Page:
Minnesota Prairie Roots

Writing and photography by Audrey Kletscher Helbling

Heather needs your help to thank a veteran November 7, 2012

Filed under: Uncategorized — Audrey Kletscher Helbling @ 4:28 PM
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Heather Weller after delivering thank yous to veterans at the veterans’ home in Fergus Falls in November 2011.

KRISTI WELLER of New York Mills emailed me this morning asking for help in publicizing a project her 14-year-old daughter, Heather, is undertaking for Veterans’ Day.

For the fourth year, Heather is gathering thank you notes for her “Thank a Veteran” program. You can help by writing and emailing a thank you to veteranthankyou@gmail.com. But hurry. Heather is planning to deliver the emails and handwritten cards she’s collected on Sunday, November 11, Veterans’ Day, to veterans’ homes in Fergus Falls, Minnesota, and Fargo, North Dakota.

This ambitious eighth grader has collected and distributed more than 8,000 thank yous to veterans and soldiers in three years. How great is that?

Kristi sent me a wealth of information, too much really, to share with you. So I’d suggest checking out Heather’s Facebook page, https://www.facebook.com/pages/Thank-a-Veteran/116200178444473

Buried in the details of Heather’s charitable work for veterans, I found a particularly profound piece of information shared by her mother. Heather has been teaching 30 students in a 4-H Cloverbud class about gratitude for our veterans. The kindergartners through second graders have made thank you cards that Heather will deliver.

And in the process of teaching these young 4-Hers, Kristi says her daughter learned this: “…most of them thought that a veteran was someone who took care of animals. Kind of sad.”

That is why we need passionate youth such as Heather who appreciate and support veterans through projects like “Thank a Veteran,” “Holiday Mail for Heroes,” Quilts of Valor,” “Project New Hope” and more. Heather educates, speaks, promotes, crafts, thanks.

And she’s planning, too, to gather veterans’ stories for the Veterans History Project of the Library of Congress American Folklife Center.

Won’t you join Heather in thanking a veteran for his/her service to our country? Again, email your message of gratitude (include your name, town and state) by this Saturday to: veteranthankyou@gmail.com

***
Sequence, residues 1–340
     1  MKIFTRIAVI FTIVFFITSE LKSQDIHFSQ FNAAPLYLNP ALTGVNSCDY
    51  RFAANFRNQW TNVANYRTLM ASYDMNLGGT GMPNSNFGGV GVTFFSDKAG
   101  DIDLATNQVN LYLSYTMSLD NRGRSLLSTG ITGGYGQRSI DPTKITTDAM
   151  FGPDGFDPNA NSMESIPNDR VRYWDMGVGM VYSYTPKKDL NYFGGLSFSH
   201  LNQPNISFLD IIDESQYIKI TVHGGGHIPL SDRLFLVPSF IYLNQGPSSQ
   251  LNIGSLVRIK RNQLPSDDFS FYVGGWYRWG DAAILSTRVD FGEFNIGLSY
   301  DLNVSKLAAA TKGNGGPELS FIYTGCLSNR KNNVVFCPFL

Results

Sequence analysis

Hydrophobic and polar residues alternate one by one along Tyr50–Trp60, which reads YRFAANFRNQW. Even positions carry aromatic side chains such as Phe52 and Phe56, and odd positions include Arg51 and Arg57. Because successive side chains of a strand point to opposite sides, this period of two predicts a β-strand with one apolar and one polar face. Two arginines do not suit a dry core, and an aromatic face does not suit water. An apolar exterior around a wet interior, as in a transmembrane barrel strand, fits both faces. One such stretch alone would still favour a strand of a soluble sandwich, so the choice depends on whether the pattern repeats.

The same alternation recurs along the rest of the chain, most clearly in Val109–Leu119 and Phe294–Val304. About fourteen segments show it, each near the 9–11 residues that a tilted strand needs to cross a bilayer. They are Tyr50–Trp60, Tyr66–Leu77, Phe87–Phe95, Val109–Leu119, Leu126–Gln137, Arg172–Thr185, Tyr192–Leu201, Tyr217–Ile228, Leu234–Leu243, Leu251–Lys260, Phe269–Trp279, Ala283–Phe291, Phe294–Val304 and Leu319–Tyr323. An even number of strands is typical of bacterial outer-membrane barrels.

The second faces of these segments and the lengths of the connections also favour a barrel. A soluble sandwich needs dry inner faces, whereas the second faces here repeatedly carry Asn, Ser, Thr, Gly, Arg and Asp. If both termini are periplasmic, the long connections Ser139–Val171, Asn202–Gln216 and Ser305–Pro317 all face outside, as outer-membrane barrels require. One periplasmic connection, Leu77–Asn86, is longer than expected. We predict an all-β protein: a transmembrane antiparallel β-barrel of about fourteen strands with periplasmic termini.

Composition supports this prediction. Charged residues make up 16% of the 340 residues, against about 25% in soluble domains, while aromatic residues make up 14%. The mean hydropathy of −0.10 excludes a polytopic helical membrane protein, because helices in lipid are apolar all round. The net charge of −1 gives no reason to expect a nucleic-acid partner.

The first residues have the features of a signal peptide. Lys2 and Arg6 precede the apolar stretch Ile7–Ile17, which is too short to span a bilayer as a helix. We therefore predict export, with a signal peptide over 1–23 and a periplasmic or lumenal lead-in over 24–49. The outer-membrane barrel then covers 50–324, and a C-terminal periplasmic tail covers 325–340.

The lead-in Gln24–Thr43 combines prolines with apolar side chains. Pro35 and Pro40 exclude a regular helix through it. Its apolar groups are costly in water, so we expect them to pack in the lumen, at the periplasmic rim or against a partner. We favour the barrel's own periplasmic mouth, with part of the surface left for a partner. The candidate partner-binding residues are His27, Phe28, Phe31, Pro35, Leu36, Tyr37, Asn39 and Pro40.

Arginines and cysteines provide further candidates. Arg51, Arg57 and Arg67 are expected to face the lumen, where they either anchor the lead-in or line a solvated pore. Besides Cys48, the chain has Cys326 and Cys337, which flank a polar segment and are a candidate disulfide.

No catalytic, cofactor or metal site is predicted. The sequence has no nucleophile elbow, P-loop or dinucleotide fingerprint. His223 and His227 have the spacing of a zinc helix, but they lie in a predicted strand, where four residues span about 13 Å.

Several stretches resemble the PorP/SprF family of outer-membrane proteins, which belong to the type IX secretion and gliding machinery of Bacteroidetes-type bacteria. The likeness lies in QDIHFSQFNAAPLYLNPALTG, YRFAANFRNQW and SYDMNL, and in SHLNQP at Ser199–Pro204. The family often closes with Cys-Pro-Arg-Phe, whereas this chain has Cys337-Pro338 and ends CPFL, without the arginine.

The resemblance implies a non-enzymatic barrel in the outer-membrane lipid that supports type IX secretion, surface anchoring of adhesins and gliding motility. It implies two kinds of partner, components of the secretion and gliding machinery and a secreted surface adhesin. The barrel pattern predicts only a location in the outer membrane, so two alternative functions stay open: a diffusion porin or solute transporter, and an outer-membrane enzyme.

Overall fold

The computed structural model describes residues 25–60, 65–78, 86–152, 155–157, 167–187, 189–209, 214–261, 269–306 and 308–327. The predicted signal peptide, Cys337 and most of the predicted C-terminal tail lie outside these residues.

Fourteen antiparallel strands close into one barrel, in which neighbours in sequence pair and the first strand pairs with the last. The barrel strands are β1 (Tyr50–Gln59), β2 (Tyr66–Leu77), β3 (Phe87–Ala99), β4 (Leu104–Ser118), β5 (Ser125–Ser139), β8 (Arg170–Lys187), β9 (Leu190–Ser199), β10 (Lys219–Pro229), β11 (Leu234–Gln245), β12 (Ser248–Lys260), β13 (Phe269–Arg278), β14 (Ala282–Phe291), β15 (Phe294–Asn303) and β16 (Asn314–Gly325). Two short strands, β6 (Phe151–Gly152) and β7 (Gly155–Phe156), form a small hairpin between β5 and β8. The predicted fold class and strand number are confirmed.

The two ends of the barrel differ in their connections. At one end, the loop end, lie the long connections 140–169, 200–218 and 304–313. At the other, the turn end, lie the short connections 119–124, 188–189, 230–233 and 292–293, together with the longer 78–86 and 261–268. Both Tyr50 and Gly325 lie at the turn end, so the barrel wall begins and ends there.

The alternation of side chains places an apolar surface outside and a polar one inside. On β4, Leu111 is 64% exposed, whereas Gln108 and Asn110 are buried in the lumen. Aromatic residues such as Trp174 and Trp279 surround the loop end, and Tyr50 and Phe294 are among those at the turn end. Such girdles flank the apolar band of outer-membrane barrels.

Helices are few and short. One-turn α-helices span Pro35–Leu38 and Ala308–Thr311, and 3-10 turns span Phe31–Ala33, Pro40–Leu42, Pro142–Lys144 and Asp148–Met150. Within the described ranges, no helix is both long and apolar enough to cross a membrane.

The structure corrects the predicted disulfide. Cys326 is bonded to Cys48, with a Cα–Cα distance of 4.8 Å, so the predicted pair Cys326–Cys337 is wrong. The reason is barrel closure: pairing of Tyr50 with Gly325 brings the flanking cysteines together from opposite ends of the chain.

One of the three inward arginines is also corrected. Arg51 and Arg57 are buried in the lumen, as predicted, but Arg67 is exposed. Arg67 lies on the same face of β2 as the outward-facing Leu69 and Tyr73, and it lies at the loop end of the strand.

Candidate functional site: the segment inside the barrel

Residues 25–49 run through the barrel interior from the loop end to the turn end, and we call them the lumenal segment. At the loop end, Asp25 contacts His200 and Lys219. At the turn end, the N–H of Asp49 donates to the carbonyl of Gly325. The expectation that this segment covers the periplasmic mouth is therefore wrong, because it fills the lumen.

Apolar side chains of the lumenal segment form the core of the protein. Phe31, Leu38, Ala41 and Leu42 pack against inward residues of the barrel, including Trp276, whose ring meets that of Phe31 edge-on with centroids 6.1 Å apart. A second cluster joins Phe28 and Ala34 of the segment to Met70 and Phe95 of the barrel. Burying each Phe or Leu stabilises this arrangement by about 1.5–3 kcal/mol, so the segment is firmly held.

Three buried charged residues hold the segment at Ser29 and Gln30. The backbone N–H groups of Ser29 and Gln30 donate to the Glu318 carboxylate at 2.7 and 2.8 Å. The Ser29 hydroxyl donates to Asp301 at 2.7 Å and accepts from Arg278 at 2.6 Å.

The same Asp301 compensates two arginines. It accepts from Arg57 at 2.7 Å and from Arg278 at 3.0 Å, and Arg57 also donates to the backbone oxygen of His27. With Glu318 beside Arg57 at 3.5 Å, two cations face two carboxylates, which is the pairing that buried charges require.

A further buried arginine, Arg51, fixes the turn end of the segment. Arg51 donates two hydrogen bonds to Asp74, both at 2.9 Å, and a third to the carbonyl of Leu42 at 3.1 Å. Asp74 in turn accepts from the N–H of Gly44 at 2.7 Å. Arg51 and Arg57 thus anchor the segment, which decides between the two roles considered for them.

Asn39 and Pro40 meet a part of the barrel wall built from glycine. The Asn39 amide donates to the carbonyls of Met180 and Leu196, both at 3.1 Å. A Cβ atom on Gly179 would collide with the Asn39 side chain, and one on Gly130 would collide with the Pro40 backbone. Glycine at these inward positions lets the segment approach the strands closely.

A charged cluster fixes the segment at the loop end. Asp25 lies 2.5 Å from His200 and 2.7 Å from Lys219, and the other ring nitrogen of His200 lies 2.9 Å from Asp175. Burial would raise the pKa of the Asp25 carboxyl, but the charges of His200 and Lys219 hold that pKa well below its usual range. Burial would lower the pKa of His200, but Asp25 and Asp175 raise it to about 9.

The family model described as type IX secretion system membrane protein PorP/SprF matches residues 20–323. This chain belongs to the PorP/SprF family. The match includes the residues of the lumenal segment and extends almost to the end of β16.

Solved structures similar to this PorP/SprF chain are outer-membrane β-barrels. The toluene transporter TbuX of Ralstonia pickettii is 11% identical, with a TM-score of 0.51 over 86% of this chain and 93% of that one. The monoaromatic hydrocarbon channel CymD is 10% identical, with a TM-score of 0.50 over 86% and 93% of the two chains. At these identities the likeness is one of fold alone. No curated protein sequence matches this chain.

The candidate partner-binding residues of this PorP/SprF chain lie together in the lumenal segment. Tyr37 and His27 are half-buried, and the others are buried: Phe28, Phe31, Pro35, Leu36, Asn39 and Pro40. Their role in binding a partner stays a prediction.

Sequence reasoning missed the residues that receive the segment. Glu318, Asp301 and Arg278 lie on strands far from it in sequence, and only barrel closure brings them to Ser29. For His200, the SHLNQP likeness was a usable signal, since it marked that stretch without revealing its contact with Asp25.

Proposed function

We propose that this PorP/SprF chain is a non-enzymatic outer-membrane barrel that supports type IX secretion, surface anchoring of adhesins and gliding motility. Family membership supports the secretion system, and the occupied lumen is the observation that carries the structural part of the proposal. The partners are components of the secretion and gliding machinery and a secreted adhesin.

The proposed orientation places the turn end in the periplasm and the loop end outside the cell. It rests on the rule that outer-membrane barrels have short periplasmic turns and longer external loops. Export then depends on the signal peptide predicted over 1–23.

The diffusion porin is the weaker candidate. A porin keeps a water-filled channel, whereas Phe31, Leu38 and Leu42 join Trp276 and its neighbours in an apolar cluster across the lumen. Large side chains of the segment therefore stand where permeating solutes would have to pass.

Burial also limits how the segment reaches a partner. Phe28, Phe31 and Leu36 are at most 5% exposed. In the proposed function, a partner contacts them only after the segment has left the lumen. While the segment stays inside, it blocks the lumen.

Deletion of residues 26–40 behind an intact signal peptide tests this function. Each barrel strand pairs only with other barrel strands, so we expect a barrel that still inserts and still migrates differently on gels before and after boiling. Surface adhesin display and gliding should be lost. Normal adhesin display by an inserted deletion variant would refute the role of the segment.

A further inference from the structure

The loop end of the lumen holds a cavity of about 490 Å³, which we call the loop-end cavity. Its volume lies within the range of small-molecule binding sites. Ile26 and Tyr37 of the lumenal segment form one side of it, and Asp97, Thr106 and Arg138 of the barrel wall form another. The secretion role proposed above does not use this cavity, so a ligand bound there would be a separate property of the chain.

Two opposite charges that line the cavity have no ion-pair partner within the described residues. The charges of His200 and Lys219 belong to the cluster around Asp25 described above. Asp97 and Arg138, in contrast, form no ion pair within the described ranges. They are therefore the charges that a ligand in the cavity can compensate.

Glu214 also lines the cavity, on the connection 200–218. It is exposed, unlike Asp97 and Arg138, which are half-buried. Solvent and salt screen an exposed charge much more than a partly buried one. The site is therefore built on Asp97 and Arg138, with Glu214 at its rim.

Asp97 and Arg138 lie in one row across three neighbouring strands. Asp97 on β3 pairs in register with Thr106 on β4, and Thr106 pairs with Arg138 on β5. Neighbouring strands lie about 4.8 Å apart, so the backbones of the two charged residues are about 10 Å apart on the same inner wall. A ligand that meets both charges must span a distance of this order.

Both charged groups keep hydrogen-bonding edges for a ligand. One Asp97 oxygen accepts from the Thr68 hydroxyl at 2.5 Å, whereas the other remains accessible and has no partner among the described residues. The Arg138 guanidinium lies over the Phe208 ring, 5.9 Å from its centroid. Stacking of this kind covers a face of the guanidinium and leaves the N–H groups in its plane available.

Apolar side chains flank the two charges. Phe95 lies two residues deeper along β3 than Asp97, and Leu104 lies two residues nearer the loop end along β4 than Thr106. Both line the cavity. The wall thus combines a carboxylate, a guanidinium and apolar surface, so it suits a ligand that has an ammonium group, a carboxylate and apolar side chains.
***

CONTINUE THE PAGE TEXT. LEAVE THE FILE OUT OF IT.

FYI: To learn more about Heather’s work, click here to read a post I published last November.

© Copyright 2012 Audrey Kletscher Helbling

Photo courtesy of Kristi Weller

 

Thoughts on a weekend journey to Fargo and back under grey November skies

Filed under: Uncategorized — Audrey Kletscher Helbling @ 7:52 AM
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Westbound for Fargo on Interstate 94 near the West Union exit on Saturday morning.

NEARLY 10 HOURS in a vehicle traveling almost 600 miles round trip to Fargo, North Dakota, under the gloomiest of grey November skies can test one’s endurance.

The eyes began to wander, to lock onto the slightest patches of color in an otherwise dull and monotone landscape.

Billboards offer a diversion as do the semis which follow Interstate 94, some forking north toward Canada, others continuing even farther west into the endless grey expanse.

A section of the journey where there are still hills. My eyes focus on the brilliant red hue of the barn.

Near Barnesville, a short distance east of Fargo and Moorhead, piles of corn brighten the muted landscape.

Hunters in bright orange roam fields during the opening weekend of firearms deer hunting in Minnesota.

Red barns and piles of golden corn and deer hunters in blaze orange distract me from the barren greyness of this journey to the Red River valley. I wonder at that use of the word “valley,” for I see no indentations in the earth to suggest a valley.

This quaint country church in the distance somewhere east of Fargo/Moorhead always calms my spirits.

I am a prairie native. But even for me, the flat land west of Fergus Falls and into Fargo/Moorhead challenges my spirit. I feel insecure and diminished in this place and that unsettles me.

How can a place seem so flat that I feel as if I will step off the earth should I journey any further than the northwestern fringes of Fargo?

Downtown Fargo late Saturday afternoon under sullen skies with a light mist falling.

More gloomy skies on the return trip from Fargo to Faribault on Sunday afternoon.

Spots of orange (slow moving vehicle signs) provide a respite for my eyes on Sunday’s drive home.

© Copyright 2012 Audrey Kletscher Helbling